“Beach bum,” his father shouted and smiled from his living room couch.
Mark Van Sicklen said it’s a tough pill to swallow thinking that his son gave up a career earning a comfortable living to work for tips.
When the shark season ended, Nick kept on traveling to continue swimming with sharks. But as the destinations became more isolated, he soon found there wasn’t work to pay for the trips.
That didn’t stop him and he instead took the money from his savings. He traveled and swam along the waters of New Zealand, the South Pacific Ocean Nation of Vanuatu, the Solomon Islands, Papua New Guinea, Micronesia, Guam, the Philippines, Bali in Indonesia, Fiji, Samoa, American Samoa, Tonga, Cook Islands, and French Polynesia.
He has swum with several species of shark and thinks they can distinguish one human from another.
Nick thinks he still has enough money saved for another year or two of travel.
“I’m counting it down,” his father yelled.
There are about 440 species of sharks. About 140 are endangered.
He texts his parents every day to let them know he is OK.
He also says that much of what people think they know about sharks is wrong and that they are intelligent, curious fish. Most attacks on humans are simply accidents, he said.
But his mother countered, “They’re still animals. They’re predators. They feed.”
The couple is also afraid because Nick travels alone, often in countries and areas with limited modern conveniences. His parents are afraid he will encounter dangerous people and become a victim.
“My neighbors follow him on Facebook. My friends follow him on Facebook. But it’s different when it’s your kid,” Jean said.
Nick said he understands their fears but thinks it’s misplaced. He thinks most places are safe and locals typically tell tourists what areas to visit and places to stay clear of.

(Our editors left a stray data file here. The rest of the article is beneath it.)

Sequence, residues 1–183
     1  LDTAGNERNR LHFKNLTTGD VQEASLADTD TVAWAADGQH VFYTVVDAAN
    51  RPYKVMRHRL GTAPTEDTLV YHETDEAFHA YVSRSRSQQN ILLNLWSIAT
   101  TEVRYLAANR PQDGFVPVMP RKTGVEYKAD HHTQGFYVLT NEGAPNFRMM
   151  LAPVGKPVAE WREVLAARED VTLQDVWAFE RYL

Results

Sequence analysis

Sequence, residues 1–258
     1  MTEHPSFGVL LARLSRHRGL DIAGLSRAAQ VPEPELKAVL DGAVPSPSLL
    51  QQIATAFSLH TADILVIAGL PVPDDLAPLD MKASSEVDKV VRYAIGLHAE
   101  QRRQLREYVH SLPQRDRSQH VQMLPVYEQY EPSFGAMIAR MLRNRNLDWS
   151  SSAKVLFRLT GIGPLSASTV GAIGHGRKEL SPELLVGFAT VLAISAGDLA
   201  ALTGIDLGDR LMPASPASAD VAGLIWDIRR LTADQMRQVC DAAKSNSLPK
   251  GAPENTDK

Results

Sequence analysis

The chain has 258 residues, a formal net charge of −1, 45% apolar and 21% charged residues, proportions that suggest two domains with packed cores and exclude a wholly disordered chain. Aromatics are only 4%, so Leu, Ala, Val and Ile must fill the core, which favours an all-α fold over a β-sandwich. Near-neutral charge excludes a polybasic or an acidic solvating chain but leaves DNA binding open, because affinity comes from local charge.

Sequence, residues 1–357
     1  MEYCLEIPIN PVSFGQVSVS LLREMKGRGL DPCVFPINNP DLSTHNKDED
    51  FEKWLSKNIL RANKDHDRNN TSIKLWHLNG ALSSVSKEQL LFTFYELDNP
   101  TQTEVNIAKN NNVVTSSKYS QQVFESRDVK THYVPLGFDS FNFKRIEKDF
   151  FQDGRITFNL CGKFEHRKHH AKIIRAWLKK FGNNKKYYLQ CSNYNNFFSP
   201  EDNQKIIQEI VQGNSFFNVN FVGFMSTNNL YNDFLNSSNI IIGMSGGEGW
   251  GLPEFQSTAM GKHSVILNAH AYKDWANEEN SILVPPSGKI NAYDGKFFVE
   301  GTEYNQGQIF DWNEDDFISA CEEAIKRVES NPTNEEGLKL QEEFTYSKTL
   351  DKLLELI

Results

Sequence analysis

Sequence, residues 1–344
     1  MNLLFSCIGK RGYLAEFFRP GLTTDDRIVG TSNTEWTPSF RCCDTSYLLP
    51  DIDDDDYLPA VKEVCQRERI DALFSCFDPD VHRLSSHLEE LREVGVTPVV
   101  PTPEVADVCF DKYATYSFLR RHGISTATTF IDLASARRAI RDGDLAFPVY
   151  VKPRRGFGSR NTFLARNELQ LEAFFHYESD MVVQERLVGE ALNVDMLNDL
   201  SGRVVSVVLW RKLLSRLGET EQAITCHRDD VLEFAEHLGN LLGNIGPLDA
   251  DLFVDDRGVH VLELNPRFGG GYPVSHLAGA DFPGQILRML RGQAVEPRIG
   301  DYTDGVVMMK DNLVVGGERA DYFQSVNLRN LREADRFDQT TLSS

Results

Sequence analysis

“I understand that thought process,” Nick said of his parent’s concerns. “But there are enough people who give up on their dreams. I don’t want to be one of those people.”
His hope is to start his own shark charter business and still travel to new places to swim with sharks. He wants to educate people about sharks so they will not fear them. Too many are being hunted for sport and food with few people to protect them, he said.
The experience of swimming with sharks has changed the way he sees the animals, but also the way he looks at life.
So during the season as most prepare for the holidays, Nick is preparing to travel again.
“For the most part I have an outline,” he said.
At the end of the month or early January, he will start a new diving job in Mexico. From there he will go to the Bahamas, South Africa, the Maldives Islands, and the Read Sea for starters.
“I heard diving in the Red Sea is amazing.” Nick said.
He said he understands that most parents want their children to follow a traditional lifestyle.
“But that’s not the path I want to go,” he said.
He wants more people to be unafraid of doing the things they’ve postponed or been afraid to do.
“In the last year I’ve become comfortable with being uncomfortable,” Nick said.
“You have more options than you think,” he said. “People are afraid of change.”
Don’t be, he said.
Source: Google News : https://www.chronicleonline.com/news/local/local-man-becomes-globe-trotter-to-swim-with-sharks/article_1f46f10c-02d2-11e9-83d0-33a2bb60ab63.html